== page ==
CHAMPION STRATEGIES – PUBLIC SPEAKING WORKSHOP – DECEMBER 2, 2020
#3-Kill the Filler
Like. Um. You Know. Uh. Okay. We all have words that we use as crutches to help us navigate from one thought to the next or to deal with uncomfortable silences. My initial understanding prior to doing Toastmasters was that most people mix and match the most common filler words frequently into their conversations. However, after having watched a number of my own speech recordings and observed others in our club speak consistently, I now know the truth: we each have our own pet filler words that show up with remarkable consistency. Nearly every time I speak, I get feedback that I used something like, “2 ums and 6 you know’s”. It’s never the ‘likes’ or the ‘uh’s’ that trip me up..always those miserable ‘ums’ and ‘you knows’. It’s easy to think of these fillers as harmless or even to embrace them (“They’re a natural part of my speech pattern!”), but I can say from having observed and evaluated the performance of a large number of speakers that filler words significantly diminish the impact and effectiveness of one’s message and make a person appear less intelligent than they really are. How should one go about correcting these verbal tics? My advice would be to observe yourself speaking as much as possible. One option is to have a friend or family member observe you giving a speech (at Toastmasters, speeches are recorded for you). Another option, which I have embraced recently, is reviewing recordings of your video meetings at work in order to identify and cut back on your use of filler words. Zoom conference, which we use at Stackmatix, automatically records all of your video meetings, which makes reviewing them later incredibly easy.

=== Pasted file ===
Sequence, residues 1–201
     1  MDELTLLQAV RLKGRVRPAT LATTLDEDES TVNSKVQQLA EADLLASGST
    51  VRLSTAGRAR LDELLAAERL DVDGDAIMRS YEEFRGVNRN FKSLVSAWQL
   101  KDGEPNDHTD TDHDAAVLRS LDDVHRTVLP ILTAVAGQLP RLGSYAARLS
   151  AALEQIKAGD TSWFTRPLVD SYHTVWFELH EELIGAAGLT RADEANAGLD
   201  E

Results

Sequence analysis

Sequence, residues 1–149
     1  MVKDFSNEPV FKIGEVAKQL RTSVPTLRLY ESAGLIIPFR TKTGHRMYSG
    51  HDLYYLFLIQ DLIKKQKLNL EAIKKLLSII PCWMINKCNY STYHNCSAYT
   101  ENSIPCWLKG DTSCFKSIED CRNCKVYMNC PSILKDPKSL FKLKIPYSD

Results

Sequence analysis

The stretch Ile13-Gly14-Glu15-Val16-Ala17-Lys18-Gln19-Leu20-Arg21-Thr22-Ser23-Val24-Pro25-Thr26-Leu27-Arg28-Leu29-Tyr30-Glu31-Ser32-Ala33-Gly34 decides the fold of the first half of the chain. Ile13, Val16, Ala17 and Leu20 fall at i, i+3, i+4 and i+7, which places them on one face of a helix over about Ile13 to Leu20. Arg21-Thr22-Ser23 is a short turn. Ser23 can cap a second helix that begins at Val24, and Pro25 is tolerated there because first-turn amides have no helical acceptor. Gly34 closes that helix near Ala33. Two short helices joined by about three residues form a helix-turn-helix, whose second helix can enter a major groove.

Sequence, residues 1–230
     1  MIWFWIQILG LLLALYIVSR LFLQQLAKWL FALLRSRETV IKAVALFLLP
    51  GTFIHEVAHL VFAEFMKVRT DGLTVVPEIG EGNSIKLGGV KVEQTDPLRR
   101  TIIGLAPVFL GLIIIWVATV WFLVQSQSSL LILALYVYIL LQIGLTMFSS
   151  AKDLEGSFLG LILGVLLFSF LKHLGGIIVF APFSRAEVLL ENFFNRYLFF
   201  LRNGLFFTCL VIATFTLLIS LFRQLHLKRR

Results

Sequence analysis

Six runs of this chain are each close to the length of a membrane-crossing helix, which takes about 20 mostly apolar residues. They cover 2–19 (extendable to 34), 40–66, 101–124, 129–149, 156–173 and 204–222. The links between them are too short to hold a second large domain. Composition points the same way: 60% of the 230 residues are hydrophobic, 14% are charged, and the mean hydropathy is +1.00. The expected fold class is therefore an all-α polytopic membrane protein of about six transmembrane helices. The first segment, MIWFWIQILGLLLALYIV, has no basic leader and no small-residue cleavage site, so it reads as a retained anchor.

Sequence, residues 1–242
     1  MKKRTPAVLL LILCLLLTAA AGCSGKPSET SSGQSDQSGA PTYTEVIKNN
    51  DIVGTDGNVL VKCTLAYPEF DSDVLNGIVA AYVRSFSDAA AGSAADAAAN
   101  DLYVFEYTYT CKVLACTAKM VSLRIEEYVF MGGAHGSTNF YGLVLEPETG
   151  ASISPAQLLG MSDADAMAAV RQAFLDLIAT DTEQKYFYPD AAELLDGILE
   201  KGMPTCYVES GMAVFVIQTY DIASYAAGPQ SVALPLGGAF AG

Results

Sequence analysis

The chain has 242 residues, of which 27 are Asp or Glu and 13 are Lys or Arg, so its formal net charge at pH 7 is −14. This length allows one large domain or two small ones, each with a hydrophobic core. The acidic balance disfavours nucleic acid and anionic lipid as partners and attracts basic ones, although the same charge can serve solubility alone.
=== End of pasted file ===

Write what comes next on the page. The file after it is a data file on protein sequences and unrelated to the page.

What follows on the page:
Or your friends could take a shot every time you say a filler word (credit: “How I Met Your Mother”)
#4-Two Ways to Speak Successfully
A concern I have heard from a number of friends on why they haven’t joined Toastmasters is that they are worried they’ll be taught a rigid and formulaic style of speaking which won’t resonate with them. In other words, they think Toastmasters will turn them into some sort of corporate, cookie cutter, 1950’s parody who starts wearing sweater vests and uses phrases like, “oh, swell!” Thankfully, I can say that this has definitely not been my experience. While there is no science behind it, my own theory is that there are two types of speakers that are typically judged well by others: